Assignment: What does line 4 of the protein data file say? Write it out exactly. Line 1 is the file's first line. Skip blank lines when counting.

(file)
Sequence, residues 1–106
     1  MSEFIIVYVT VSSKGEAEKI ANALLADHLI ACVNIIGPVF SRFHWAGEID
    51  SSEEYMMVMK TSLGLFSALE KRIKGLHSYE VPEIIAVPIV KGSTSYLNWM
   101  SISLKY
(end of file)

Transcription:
   101  SISLKY